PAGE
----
Cloud types explained: Cirrus, Cumulus, Stratus & More

Here's how to identify them like an expert

Written by Ed Oswald

Last updated:

cloud types blog header

No doubt at some point you’ve looked up at the clouds, if just for their beauty, and to marvel at the different shapes and sizes. By knowing the various cloud types you can make general assumptions about current and near-future weather.

Cloud formation occurs just about anywhere in the troposphere: fog is a cloud that has developed at the surface, and the highest clouds can reach altitudes of 75,000 feet. There’s even a recently-discovered cloud type that forms 250,000 feet above the earth’s surface, called noctilucent clouds, which scientists are still trying to figure out how they form.

Our focus is much closer to Earth. Meteorologists classify cloud types into three major groups by height (their elevation in the atmosphere), not how tall they are from top to bottom. There are ten major cloud types and about two dozen less common types. We can’t get to all of them in the guide, but we’ll cover the major ones.

Quick note: Cloud identification isn’t an exact science, especially since no two clouds are exactly alike. My meteorology professor pointed out that two meteorologists might have two interpretations, and both might be right. Your identification might differ from a fellow weather enthusiast or meteorologist friend. (I disagreed with my professor on one of his cloud quiz “correct” answers, so I know firsthand!)

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Infographic

We’ve included the most common cloud types in an easy-to-understand infographic for our subscribers. For performance reasons, a lower-quality image is shown on this page. To save the full-size image to your computer, click the “download” button below the infographic.

What are the different types of clouds?

There are five primary cloud types, each with its subtypes. Fog is considered its own type, and then three cloud types are based on height: low, middle (mid-level), and high. Finally, there is a fifth type reserved for clouds that develop vertically: cumulus and cumulonimbus clouds are the only two cloud types in this category.

Fog

When the air is moist, evaporating moisture from the surface doesn’t have to travel very far to start condensing, and a cloud begins to develop near the surface. Called radiation fog, it develops as the ground loses heat generated by solar radiation and rises into the cooler air above it, condensing where the warm air meets cooler air and happens easiest on a clear, cool night. Clouds are a natural method for the atmosphere to retain heat gained through solar radiation, and without them, at night the Earth would lose that heat much more quickly, making for more severe temperature changes.

But that’s not the only way fog can form: it also develops when warm air passes over a cool surface, called advection. This type of fog is most common near cool bodies of water: the iconic fog of San Francisco is a great example. Advection fog can occur inland; along the Gulf of Mexico in the winter months, air passing over the normally warm Gulf waters streaks northward and over the relatively colder land of the southern United States, causing advection fog.

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Morning advection fog passes by the Golden Gate Bridge in San Francisco.

Elevation changes can cause fog on the windward side of mountains when moist air is pushed up the mountain slope causing it to cool and condense; evaporation fog occurs when cold air passes over warm water in the autumn months.

Low-Level Clouds

Low clouds give us our dreariest days, often blocking out much of the sun’s light and turning the landscape gray. Low clouds are less than 6,500 feet from the surface and are primarily comprised of liquid water.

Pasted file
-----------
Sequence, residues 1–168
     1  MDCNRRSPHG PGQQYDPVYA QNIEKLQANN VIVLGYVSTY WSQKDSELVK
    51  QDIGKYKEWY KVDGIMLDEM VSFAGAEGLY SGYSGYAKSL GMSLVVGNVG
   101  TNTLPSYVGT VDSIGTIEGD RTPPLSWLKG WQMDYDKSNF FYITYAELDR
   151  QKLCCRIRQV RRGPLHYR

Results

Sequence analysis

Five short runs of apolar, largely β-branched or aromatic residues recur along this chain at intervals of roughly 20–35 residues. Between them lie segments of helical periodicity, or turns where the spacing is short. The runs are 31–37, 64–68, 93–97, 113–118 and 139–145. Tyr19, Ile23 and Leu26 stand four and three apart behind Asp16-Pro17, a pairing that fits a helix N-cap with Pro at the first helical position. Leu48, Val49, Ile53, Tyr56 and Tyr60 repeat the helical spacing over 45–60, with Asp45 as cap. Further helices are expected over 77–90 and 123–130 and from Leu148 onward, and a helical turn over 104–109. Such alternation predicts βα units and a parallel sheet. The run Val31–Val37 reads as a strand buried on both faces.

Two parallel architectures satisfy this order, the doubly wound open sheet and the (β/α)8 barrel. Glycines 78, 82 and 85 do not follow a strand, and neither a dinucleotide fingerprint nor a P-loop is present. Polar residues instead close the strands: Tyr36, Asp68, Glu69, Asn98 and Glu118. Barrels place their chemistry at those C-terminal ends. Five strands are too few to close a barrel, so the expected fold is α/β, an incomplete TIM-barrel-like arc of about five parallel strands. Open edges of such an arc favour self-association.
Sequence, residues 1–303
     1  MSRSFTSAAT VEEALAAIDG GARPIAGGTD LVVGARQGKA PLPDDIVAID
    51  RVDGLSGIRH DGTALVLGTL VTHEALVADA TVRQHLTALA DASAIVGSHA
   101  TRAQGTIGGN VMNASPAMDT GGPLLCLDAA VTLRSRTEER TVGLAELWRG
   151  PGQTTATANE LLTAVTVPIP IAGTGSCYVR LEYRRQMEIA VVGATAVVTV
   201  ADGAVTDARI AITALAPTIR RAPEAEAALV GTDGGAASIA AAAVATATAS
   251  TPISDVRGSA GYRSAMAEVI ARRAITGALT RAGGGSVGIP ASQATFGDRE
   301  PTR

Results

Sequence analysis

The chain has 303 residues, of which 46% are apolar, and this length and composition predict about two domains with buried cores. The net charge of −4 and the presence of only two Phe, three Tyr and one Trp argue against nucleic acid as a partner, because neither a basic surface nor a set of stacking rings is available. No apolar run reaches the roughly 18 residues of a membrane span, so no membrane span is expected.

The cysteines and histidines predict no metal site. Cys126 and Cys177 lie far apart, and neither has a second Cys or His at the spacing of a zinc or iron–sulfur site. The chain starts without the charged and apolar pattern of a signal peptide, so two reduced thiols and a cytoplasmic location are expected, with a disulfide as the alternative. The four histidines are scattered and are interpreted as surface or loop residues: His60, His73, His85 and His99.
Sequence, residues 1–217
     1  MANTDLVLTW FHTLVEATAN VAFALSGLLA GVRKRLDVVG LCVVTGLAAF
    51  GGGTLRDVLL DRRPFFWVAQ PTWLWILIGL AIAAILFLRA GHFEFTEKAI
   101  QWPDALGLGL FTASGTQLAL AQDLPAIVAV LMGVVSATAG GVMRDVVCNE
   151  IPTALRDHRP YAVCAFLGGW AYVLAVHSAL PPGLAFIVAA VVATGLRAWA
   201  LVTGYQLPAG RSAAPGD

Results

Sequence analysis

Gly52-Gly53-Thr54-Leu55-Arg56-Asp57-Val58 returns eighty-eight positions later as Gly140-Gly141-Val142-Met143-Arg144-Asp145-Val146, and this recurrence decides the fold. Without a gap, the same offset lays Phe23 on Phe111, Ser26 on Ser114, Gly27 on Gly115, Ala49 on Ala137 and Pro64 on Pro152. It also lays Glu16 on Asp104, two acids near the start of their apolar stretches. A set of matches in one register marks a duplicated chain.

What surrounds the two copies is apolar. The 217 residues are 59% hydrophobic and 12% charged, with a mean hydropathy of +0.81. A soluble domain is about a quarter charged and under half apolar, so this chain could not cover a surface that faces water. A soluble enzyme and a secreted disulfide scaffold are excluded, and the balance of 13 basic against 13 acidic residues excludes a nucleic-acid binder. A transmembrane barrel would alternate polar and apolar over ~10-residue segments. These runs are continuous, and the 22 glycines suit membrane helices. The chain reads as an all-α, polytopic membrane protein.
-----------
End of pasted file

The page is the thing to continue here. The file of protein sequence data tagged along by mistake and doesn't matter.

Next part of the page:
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Stratus

cloud types stratus
Stratus clouds, very light snow, and fog over the Ben Franklin Bridge in Philadelphia.

The basic low cloud type is the stratus cloud, and it covers the entire sky. It’s essentially fog that doesn’t touch the ground: as fog lifts, it sometimes remains as a low stratus cloud. No precipitation typically falls from stratus clouds, although if it does it is in the form of drizzle.

Nimbostratus

cloud types nimbostratus

Nimbostratus. These clouds are typically accompanied by lower wispy clouds, which are called fractus.

Often confused with the stratus (and vice versa) is nimbostratus. One key difference here is the heaviness of the precipitation that falls. If it is light to moderate (heavier than a drizzle), the sky is uniformly gray, and difficult to discern any cloud formations, then the cloud is nimbostratus. Visibility below these clouds is also typically poor, as precipitation evaporates as it falls.

Stratocumulus

cloud types stratocumulus
Stratocumulus.

Low, lumpy clouds with patches of blue sky between them are stratocumulus. These clouds rarely produce precipitation, and you can tell the difference between this cloud and its higher brethren altocumulus by extending your hand and pointing to the cloud. If it is close to the size of your fist, it is stratocumulus.

Mid-Level Clouds

Clouds that form between 6,500 and 25,000 feet above the surface are known as middle or mid-level clouds. These clouds may serve as a warning of impending bad weather. They are typically still comprised of water droplets, but in cooler weather can be mixed in with ice crystals.

Altocumulus

cloud types altocumulus mackerel sky
Altocumulus, the “mackerel sky.”

Small, puffy clouds in the mid-levels are called altocumulus. They’re typically found in waves or bands. On humid summer mornings, if altocumulus appears as the day goes on, there is a better chance for afternoon thunderstorms. If you’ve ever heard the term “mackerel sky,” it refers to these types of clouds. When in long rows, they appear much like fish scales – thus the name. When cirrus appears like this, you can typically expect rain within the next 8-10 hours.

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Altostratus

cloud types altostratus